Using the criteria established last year, Congress increased science funding above the president's 1998 budget request in several important areas. The National Aeronautics and Space Administration, National Science Foundation, Department of Energy science programs, Environmental Protection Agency research and development programs, and the National Weather Service all received increases above what the president had requested. These agencies' research programs met the criteria of being both high risk and long term.

Of the nearly dozen authorization bills passed, including those previously discussed, five have already been signed into law by the president. Action is expected on a number of the remaining bills before the end of the year. Among these is a bill to fund transportation research and development, including research that should enable the construction of cheaper, longer-lasting highways. This bill will probably be rolled into a larger multiyear transportation bill, which will be considered this year. The Congress also passed and the president has signed a research and engineering bill for the Federal Aviation Administration. This bill will, among other things, allow continued research and development into airport security and aircraft safety.

This year, President Clinton has joined Congress in recognizing the need to adequately invest in scientific research, embracing some of the criteria established by the Committee in his budget. As with the Science Committee's budget that preceded it, in fiscal year 1999, the president's budget spends the largest percentage of nondefense R&D on long-term, high-risk basic research.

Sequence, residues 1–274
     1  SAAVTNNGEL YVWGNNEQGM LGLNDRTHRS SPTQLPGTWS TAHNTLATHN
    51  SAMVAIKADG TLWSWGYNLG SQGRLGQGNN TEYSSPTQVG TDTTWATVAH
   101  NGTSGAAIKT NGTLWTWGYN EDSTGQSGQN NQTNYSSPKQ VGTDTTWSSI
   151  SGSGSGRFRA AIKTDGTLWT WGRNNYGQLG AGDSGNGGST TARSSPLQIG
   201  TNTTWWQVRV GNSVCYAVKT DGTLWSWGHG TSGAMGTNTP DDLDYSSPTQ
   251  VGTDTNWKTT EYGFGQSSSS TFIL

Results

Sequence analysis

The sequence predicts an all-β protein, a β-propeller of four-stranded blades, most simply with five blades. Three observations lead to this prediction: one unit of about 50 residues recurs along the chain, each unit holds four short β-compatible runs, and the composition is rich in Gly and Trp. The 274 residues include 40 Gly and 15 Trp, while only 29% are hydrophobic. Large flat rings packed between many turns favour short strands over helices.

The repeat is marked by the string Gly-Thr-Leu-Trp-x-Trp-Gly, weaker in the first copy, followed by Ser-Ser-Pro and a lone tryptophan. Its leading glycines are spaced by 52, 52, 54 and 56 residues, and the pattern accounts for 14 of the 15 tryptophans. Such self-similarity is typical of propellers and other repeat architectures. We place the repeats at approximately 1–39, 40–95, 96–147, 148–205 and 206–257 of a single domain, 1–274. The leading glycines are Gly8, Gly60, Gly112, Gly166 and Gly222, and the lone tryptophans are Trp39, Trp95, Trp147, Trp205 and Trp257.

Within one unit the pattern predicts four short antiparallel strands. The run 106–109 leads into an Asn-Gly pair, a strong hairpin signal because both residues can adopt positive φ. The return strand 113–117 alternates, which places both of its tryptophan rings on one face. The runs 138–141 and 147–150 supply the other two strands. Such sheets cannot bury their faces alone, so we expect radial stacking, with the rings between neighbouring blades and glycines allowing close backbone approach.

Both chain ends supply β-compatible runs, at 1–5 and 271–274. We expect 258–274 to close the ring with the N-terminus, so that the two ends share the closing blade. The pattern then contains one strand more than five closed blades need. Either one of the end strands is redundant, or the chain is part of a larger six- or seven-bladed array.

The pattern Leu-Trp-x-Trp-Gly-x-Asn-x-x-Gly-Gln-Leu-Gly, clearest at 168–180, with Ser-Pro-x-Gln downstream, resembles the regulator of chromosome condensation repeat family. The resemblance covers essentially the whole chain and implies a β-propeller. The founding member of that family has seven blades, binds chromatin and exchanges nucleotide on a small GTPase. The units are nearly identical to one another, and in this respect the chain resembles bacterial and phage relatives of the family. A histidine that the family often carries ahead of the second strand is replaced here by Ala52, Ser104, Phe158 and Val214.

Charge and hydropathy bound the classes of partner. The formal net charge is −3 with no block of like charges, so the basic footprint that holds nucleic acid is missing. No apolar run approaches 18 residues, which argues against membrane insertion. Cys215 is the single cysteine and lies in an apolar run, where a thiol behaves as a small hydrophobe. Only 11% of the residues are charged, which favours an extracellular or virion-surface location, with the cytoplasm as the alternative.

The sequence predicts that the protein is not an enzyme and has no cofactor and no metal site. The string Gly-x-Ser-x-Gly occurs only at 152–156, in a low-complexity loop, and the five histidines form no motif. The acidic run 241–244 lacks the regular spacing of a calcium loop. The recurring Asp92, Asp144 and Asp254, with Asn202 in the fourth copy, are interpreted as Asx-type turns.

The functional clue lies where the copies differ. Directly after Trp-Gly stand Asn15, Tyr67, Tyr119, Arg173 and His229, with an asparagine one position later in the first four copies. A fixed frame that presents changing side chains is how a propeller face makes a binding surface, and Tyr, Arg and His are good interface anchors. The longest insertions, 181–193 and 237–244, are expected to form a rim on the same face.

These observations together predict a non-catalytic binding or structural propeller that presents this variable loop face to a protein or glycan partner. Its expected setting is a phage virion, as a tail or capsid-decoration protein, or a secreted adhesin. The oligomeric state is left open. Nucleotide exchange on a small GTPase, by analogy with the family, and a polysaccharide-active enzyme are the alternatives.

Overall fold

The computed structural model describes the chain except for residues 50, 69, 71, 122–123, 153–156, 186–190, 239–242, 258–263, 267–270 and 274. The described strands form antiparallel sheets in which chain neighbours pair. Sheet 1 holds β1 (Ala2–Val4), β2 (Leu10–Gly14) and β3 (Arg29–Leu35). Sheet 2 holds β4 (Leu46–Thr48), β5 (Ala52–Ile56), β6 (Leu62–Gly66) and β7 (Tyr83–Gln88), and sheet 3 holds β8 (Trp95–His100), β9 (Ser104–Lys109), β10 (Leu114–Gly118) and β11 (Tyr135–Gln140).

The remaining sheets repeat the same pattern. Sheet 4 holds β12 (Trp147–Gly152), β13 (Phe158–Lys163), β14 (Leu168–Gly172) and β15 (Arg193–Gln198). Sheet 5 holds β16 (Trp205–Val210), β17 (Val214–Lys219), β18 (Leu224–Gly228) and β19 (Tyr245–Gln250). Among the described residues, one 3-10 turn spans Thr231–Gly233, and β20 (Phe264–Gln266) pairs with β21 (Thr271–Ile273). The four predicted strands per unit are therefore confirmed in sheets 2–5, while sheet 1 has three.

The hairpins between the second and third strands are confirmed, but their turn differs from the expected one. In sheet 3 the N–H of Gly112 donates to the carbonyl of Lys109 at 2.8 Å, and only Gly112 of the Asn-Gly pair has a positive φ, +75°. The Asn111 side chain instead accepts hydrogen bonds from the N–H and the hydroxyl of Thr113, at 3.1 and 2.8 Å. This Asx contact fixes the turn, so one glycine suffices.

Unfortunately, despite generous outlays in fiscal year 1999, overall spending for research and development in the administration's budget plan decreases in inflation-adjusted dollars after this year. Furthermore, the administration pays for a good portion of the science budget with unspecified reductions in other discretionary spending, uncertain tax increases, and uncollected money from the tobacco settlement. This approach, in my view, will jeopardize the future robustness of American science and technology. Even in fiscal year 1999, the president's proposed increases assume revenues will come from tobacco legislation and from cuts to veterans medical care; I have little confidence in this assumption.